‘Twas the Night before Thanksgiving

With the pumpkin and apple pies resting on the counter, the dressing chilling in a refrigerator, and the cranberry salad congealing, we set to cleaning and straightening the kitchen.  Pastry clung to my apron front and lined the cuffs of my sweater.  Flour dusted the floor.  Bits of onion and celery stuck to the tile floor.  Sticky cranberry juice spread like melted candy on the stove top.
The dishwasher was packed.  Pots and bowls drained in the sink.  Dish towels and rags spun in the washing machine.  The mop hung precariously from a laundry room perch, dripping with Mr. Clean.  
My feet complained.  My back ached.  A sharp pain radiated from my left hip.    We had forgotten to buy whipping cream and ice cream for the pies.  Our eight year old GE Profile refrigerator had failed.
Otherwise, we were ready for “Over the river and through the woods” after a good night’s sleep.  
Except that the good night’s sleep refused to cooperate.  The day’s events trailed me to bed.    Between sautéing onions in butter, slicing apples, and draining pineapple, we had bought a refrigerator.  My evening reading of text messages and emails had detailed how much awaited us after Thanksgiving.   I worried about and prayed for loved ones dealing with anxious situations.  I agonized over national and cultural discord.  I ruminated helplessly.  Autumn hikes replayed through my memories.  Anticipation crept into the wrinkles of hopeful slumber.  My husband’s steady breathing and quiet body reminded me how luscious sleep can be, could be, might be, if only I could let go of the day.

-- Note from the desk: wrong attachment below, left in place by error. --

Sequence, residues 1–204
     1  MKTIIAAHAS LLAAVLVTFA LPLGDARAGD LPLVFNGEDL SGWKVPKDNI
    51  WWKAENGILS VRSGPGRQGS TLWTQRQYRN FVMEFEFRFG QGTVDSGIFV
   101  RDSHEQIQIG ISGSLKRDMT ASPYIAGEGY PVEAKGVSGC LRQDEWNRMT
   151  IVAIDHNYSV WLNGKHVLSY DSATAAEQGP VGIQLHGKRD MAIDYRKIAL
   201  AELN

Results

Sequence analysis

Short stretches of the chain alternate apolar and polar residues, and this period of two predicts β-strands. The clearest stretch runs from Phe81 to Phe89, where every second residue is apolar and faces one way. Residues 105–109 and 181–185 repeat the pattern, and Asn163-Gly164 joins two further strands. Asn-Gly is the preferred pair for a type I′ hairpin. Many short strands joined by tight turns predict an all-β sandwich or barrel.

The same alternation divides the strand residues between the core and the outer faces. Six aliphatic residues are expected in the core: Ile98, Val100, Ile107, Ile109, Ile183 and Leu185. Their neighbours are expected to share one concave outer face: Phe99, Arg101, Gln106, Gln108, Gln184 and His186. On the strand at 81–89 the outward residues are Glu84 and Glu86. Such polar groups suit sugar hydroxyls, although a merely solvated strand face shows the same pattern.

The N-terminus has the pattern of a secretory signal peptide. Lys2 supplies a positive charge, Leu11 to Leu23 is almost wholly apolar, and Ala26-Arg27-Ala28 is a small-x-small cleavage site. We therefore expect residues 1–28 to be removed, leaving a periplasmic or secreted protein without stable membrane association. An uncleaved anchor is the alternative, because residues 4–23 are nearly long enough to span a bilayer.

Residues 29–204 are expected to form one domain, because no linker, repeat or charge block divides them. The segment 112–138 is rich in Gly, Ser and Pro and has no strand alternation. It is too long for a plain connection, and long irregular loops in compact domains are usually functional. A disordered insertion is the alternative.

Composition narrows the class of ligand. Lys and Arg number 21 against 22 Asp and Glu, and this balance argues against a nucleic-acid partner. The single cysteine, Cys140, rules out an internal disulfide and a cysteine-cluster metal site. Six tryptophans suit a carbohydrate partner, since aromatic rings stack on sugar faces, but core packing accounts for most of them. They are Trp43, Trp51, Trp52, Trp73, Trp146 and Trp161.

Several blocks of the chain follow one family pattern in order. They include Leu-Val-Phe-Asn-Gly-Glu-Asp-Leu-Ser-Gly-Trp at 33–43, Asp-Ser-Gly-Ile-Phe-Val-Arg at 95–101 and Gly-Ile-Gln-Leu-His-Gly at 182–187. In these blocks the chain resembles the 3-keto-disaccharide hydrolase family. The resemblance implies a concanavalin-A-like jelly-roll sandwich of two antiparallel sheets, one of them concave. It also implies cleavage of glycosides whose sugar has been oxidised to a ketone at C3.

What a stew the brain can be before a celebration, I thought.  Just like Christmas Eve when I cannot quite relax enough to sleep, when the energy of preparation refuses to stop, here I was humming along under the blanket as if I had had three cups of coffee and a brisk walk.  My crazy thoughts ran in such random directions none of it would ever make sense in conversation.
So I gave up, slipped into a robe, made a cup of lemon ginger tea, turned on the lamp in the den, and picked up a novelOllie, our designer mutt, left his bed, jumped onto the sofa, and snuggled up beside me.   A chilly wind tossed the trees in the night’s silvery light.  With each gust, the rocker on the back porch struck the exterior wall.   This is nice, I thought.  Here’s the Afghan my friend crocheted, the humming furnace, the ticking of the bookcase clock.  Here I AM.
The spicy tea warmed my senses.  Peace came so surreptitiously I hardly noticed until I was thinking about all the recent manifestations of God’s love and mercy.   My mind quieted.  The book kept slipping.  I switched off the lamp.  When I climbed back into bed, I fell into a deep sleep — gratefully.

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